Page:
(Editor’s Note: This is the first of a series of posts from our writers covering all aspects of web working for beginners)
Doing what we do here at WebWorkerDaily, it is sometimes easy to forget from whence we came. That is to say, everything has a beginning, including a career, or part of a career, devoted to working online. For many of us already in the field, the starting point may have been a natural inclination towards technology that gradually blossomed into a full-fledged professional pursuit.
But for those just getting their feet wet, the process might not be so organic. You might be showing up late to the game, and with only a basic grasp of the rules to begin with. Let’s take some of the pressure off by taking an introductory look at two of the basic tools of the trade.
Blogs (or weblogs, to give them their original name), are a web worker’s best friend. They help with research, networking, sales, and brand establishment (personal or corporate). Once upon a time, you could just put up a web site and forget it, or maybe go back and update content once a quarter, or once every two quarters. That was fine when the Internet was just a supplement to real-world business, but it’s become much more than that. In web working, your web site is the social face you present to the client, and having a blog helps keep you relevant.
Imagine a salesperson who checks in with a prospect once a quarter. Now imagine that salesperson provides exactly the same information in exactly the same way to exactly the same stakeholder every time. That’s what you’re doing if you’re not providing frequently-updated content on your web site. With a blog, which you might update on a daily or weekly basis with articles about new developments and trends in your field, you can show prospects that you’re engaged, excited about your field, and always aware of shifts in the business landscape.
That’s the “why”, but what about the “how”? The best way to get started is to become familiar with some basic blog publishing software. Try out a free WordPress.com (disclosure: WebWorkerDaily is hosted on WordPress; see additional disclosure related to WordPress below) or Blogger account, both of which offer visual editing and preset templates; leaving you to concentrate on the content, not the geeky back-end stuff. Read around so you get familiar with the blog writing style. Note the average length of posts, where paragraph breaks occur, the use of hyperlinking, etc. You don’t have to share your blogging with the public until you’re comfortable doing so. Take your time and build competence first.
You’ve probably heard about it, but you may not yet have gone so far as to sign up for an account. Twitter is a relatively new kind of social network, that, unlike its popular predecessors MySpace and Facebook, is focused primarily on users’ content and less on users’ profiles or identities.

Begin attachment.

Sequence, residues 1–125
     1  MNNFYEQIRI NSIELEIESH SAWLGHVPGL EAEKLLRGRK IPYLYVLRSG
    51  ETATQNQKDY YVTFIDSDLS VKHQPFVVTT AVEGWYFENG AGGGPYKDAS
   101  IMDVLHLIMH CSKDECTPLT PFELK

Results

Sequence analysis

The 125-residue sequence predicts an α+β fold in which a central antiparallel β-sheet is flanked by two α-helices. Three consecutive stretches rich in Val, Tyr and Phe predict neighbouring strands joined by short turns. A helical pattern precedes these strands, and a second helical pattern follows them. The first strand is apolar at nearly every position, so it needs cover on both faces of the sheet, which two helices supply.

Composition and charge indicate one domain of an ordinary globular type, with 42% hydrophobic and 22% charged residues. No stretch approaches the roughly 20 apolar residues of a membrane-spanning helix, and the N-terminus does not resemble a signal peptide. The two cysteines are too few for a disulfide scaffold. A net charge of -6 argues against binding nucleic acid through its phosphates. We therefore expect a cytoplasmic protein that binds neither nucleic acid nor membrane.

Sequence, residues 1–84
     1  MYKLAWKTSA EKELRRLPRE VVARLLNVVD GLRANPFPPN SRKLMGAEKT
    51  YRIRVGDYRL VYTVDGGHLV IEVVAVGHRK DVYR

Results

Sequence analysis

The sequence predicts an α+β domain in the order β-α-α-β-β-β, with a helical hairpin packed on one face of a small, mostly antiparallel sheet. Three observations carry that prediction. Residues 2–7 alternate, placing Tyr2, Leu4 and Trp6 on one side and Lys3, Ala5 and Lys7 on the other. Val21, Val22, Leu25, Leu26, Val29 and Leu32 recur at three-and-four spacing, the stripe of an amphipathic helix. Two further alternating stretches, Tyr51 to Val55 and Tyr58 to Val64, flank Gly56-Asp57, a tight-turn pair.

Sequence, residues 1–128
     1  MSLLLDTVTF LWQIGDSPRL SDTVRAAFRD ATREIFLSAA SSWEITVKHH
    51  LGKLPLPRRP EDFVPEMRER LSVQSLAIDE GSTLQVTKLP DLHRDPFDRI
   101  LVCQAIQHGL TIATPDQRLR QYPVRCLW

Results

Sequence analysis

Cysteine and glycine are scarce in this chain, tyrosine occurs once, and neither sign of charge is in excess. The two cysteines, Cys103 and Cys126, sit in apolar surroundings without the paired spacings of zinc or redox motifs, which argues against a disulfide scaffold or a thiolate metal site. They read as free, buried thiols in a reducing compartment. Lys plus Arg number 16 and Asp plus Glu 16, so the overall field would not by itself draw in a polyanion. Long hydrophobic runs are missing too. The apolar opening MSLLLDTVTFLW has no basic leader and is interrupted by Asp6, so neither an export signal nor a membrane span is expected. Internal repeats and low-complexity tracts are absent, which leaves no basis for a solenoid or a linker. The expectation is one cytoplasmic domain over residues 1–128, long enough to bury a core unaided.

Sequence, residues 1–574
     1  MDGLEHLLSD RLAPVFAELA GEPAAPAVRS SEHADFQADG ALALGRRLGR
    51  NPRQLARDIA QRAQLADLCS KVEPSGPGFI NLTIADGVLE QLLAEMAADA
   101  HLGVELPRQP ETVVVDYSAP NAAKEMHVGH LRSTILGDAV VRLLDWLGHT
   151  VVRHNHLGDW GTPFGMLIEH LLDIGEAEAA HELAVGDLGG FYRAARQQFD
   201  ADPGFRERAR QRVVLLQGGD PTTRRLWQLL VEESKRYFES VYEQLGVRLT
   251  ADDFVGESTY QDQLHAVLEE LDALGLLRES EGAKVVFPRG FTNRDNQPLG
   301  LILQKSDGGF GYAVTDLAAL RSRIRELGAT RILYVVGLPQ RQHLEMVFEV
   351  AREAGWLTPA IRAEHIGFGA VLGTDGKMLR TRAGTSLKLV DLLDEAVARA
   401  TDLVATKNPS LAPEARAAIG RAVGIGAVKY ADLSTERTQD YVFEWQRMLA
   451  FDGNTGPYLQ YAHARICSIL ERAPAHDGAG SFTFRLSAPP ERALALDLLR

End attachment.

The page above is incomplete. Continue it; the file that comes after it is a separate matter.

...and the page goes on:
When I first discovered Twitter, which was not all that long ago, I had no idea what to do with it. I couldn’t figure out how to find people to add, no one I knew was using it, and the 140-character limit seemed arbitrary and somewhat cruel. I came to realize that it is a valuable way to expand your network of potential clients, collaborators and service providers, and to conduct spot research and enhance your reputation as an online professional.
Nowadays, you will find that most professionals working online who have active blogs will also have a “Follow me” button or at least link to their Twitter profile in some way. Twitter takes the concepts I talked about with blogging to the next level. To successfully use your account to further your professional goals, you have to provide updated content with a frequency previously unheard of, and with significant brevity, as well. Those in advertising will probably relish the challenge of drilling down meaningful content to 140 characters, as I soon came to.
How to use Twitter succesfully is a topic that is still subject to fervent debate. If you’re looking for a good starting point, Darren Rowse of Problogger.net is frequently considered an expert in the field, and you can find his Twitter-oriented blog at Twitip.com. With Twitter, as with blogs, the key is to follow others and take in as much as possible, in order to get comfortable with the unique form of communication it presents.
I know the “watch and learn” method of gaining familiarity with these basic web working tools might not appeal to those newcomers who’ve been forced by the loss of employment to seek work online, rather than chosen it themselves. But like starting any new career, there will be ramp up time, and training and orientation are required if you want to become truly successful. Hopefully our Web Work 101 series of articles will help cut down the time on that learning curve.
(Disclosure: WordPress is backed by True Ventures, a venture capital firm that is an investor in the parent company of this blog, Giga Omni Media. Om Malik, founder of Giga Omni Media, is also a venture partner at True.)